Tag Archives: Michael Rösch

Carine Leijn: The Interview!

Carine Leijn is a Dutch biathlete who was born on the 11th of March 1999. She raced on the Junior World Cup last season achieving a best result of 46th in the Individual in Lenzerheide. She also raced in the Junior Open European Championships in Nove Mesto as well as the Youth World Championships in Brezno-Orsblie. Her big sister Lilian also used to be a biathlete until she recently gave up the sport leaving Carine as the only female Dutch biathlete.

Follow her on Twitter: @CarineLeijn
on Instagram.com/carine.leijn
and Facebook: Biatleijn
Website: http://www.leijn.eu/

Why did you become a biathlete?

Besides the fact that biathlon is just plain awesome, I have two older sisters who used to do biathlon. So you could say it runs in the family. So when my parents were around 30 years old they started cross country skiing. And we grew up going to Sweden every winter to do cross country skiing in the snow. We also practised on these plastic ski mats in Gouda (yes yes Gouda from the cheese). It’s hard to imagine what it looks like and even harder to describe its appearance, so I’ll leave it at that. Eventually the Dutch ski federation asked my oldest sister if she was interested in doing biathlon. Since then our family was in love.

How do you assess last season? You raced in the Junior World Cup and at the Youth World Championships. What were they like?

Last season started out pretty good in Lenzerheide and Hochfilzen. I had overall good races and felt good on the skis. Last season was supposed to be promising. With sneak peeks of my good races I was excited to see what more I could do at the Junior cups and The Youth World Championships. Sadly my nightmare came true after the Christmas break, at the first day of the IBU-IOC training camp in Slovenia I got sick. Not the “I don’t feel so good but I will train anyway even if coach said not to cold” but the real deal 39 degrees, hot and cold am I dead yet fever! So I had to take a lot rest and a lot of Slovenian honey to get back on my feet. So the races in Pokljuka and in NMNM were kind of doomed before I even started because they were directly after this camp. Then I got home for a few weeks to prep for the Youth World Champs. I was feeling a bit more in shape but not as good as I was before. In Slovakia the conditions weren’t the best, a lot of rain, wind and soft snow. Swimming was almost faster than skiing on the tracks. No but in all seriousness taking into account the short period of time Osrblie had to organize everything they did a really good job. At all the venues the people were so nice and kind. It was a great experience to be able to compete at the Junior cup with so many countries. I learned so much which I am really grateful for.

Do you have a favourite race from last season? Which one was it and what was special about it for you?

My favourite race was in Hochfilzen, before I got sick. There were a few factors which made it really special for me. I really liked the tracks, the up and downhills, tricky curves and the high speed. So I was testing my skis and all of a sudden I heard Dutch people and realized they were talking to me. They told me they just moved to Hochfilzen and asked me if I was going to compete in the Junior cup. They told me they were going to try to come and watch the race. The next day they actually showed up, wished me good luck and cheered for me from the tribunes. So in that Sprint I shot clean, had the best skis and gave everything I had. So this was really my favourite race from last season.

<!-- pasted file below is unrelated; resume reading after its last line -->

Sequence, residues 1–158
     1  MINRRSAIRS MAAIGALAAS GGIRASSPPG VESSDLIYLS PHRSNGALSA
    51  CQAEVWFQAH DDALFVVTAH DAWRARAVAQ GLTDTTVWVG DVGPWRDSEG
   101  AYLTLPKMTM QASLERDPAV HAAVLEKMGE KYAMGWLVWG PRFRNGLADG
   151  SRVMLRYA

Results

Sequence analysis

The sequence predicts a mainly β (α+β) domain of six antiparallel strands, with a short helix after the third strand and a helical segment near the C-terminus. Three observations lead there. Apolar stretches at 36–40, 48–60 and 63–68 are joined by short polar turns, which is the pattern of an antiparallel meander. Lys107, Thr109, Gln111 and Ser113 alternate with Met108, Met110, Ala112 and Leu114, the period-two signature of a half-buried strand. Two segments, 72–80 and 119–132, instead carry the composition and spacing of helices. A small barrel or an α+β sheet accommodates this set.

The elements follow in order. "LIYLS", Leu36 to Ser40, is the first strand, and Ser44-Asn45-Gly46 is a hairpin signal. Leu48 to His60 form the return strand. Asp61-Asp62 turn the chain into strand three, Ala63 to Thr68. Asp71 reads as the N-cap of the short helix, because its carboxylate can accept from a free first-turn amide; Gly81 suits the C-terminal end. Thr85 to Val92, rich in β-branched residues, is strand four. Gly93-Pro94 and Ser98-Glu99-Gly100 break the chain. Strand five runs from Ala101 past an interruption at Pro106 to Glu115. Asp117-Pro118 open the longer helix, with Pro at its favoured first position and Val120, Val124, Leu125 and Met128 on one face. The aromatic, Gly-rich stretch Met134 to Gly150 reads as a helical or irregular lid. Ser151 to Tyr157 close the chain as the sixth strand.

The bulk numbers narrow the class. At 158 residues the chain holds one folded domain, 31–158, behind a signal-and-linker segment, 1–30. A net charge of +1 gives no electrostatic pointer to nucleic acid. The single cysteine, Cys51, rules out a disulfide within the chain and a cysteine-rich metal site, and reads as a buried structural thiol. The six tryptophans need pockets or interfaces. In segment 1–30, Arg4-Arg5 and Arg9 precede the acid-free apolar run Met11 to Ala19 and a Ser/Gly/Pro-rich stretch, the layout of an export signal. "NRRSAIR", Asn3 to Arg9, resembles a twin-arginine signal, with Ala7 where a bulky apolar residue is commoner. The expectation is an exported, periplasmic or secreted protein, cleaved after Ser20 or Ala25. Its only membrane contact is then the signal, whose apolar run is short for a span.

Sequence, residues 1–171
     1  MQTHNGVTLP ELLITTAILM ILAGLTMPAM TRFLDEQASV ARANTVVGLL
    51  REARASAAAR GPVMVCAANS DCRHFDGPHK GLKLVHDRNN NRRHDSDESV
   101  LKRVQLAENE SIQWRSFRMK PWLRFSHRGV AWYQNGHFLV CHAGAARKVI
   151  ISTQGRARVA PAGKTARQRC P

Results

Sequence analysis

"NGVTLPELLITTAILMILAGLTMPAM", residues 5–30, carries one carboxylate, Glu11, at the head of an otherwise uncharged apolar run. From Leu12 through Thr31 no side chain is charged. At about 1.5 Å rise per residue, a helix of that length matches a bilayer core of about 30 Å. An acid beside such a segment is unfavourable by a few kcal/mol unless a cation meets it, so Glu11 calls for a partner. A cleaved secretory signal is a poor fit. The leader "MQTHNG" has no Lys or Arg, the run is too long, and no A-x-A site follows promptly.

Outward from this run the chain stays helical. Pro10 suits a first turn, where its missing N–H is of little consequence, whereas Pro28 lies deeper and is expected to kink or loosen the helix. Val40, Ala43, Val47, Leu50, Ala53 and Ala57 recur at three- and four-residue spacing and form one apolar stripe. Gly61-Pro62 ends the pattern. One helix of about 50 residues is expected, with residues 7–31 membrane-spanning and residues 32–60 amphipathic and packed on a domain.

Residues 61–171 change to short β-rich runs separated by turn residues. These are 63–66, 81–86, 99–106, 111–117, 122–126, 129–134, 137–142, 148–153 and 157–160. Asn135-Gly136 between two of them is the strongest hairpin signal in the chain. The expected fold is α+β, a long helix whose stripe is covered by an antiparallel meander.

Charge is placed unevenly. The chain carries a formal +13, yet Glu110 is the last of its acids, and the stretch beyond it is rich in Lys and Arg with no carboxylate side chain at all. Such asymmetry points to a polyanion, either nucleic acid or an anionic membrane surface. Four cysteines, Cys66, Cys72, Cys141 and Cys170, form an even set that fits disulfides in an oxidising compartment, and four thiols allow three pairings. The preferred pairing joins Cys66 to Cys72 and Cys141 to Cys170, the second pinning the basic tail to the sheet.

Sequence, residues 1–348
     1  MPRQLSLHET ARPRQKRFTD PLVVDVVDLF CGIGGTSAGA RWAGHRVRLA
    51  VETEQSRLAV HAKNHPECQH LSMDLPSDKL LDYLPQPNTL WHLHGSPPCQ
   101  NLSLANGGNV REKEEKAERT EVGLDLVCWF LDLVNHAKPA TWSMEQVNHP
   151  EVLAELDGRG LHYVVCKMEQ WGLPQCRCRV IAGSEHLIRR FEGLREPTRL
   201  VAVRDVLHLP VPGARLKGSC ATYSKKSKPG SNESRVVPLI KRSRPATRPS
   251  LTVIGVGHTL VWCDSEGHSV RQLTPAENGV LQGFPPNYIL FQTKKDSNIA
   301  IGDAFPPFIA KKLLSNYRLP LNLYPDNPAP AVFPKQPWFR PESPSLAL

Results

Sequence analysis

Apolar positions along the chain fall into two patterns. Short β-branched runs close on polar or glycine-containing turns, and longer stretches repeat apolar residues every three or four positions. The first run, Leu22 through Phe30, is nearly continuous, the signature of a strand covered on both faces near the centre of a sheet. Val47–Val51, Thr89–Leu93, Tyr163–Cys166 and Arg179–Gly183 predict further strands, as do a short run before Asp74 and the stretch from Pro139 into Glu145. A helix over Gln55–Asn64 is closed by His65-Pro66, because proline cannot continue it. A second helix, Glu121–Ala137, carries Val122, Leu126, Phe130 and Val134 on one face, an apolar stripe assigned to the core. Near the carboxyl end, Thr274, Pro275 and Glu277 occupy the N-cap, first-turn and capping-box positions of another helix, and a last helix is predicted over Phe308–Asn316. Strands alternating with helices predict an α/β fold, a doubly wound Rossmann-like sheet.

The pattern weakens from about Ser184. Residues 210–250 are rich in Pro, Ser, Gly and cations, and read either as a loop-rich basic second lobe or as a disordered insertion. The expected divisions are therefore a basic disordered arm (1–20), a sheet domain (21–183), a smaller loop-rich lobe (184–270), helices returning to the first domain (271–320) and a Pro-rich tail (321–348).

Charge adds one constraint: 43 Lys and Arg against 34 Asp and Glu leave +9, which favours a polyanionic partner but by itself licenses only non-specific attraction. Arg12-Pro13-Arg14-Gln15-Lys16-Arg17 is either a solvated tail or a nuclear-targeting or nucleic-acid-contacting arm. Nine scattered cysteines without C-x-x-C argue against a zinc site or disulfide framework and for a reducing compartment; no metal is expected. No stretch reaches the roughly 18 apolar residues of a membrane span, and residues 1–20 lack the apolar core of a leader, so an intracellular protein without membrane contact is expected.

You can also race in the Single Mixed Relay with Jarl Hengstmengel. Do you like that event?

The Single Mixed Relay was really something on its own. I never did a competition like this before but I really liked the fact that you’re a team against all the other countries. Also the girls start in a mass start which I’d never done before, so that was really awesome. This Single Mixed Relay was when I was had just started training a few days after my fever. So I was dying during the whole race. It was good that we had a little rest in between when the boys were racing. But Jarl and I agreed beforehand that no matter what happened we weren’t going to do the penalty loop and we were going to beat the Belgian team. We succeeded at both so we were quite happy with our race.

It’s not easy being a Dutch biathlete. What are the hardest things about it? What are the good things?

No it sure isn’t. The hardest of thing of all is that I always have to train alone. Given that I am the only girl at this point, there isn’t a training group it’s just me. I used to have my sister as a training partner but when she quit I really had to do it on my own. One of the good things about being a Dutch biathlete is I think the IBU-IOC camps. Because The Netherlands isn’t a major country in biathlon we get invited, along side other small countries, to these camps. My motivation really gets a boost from these camps. You meet a lot of new people and go to places that are really awesome. But for me most important thing is the fact that you train in a group which is really important because no matter how hard you work you can’t always do it on your own.

How do you balance training and competing with your education and social life?

At this point I’m still in high school. I split the year before my senior year in 2 years. So I had more time to train, this was in the last school year. But next year I’ll be a senior and hopefully will be graduating high school. My high school is really cooperative with my sport. They help me with my school planning and I get a lot of guidance. As for my social life, my friends support me all the way and help me stay motivated for school and for training. They help me study when I miss a lot of school due to races or a training camp.I really love having my friends around and I don’t have the idea that biathlon is in the way of that.

Are there things you would like to do but can’t because of training?

Not particularly. I’ve never been a person who likes to go out or something like that. So I don’t miss it and it’s not something I would want to do. Because I really grew up in the sport I am used to making certain sacrifices.

What are your goals for next season and further into the future?

My big goal for next season is to qualify again for the Youth World Championships. And to not get sick during the season. And for further in to the future it isn’t that easy to say. I think we all dream really big, which is a good thing. But we have to have goals in between to keep our feet on the ground. For now I hope I will make a lot of progress in the Junior cup over the next years and who knows what we can achieve with hard work, passion and big dreams.

What are your strengths and weaknesses? What will you be working on over the summer?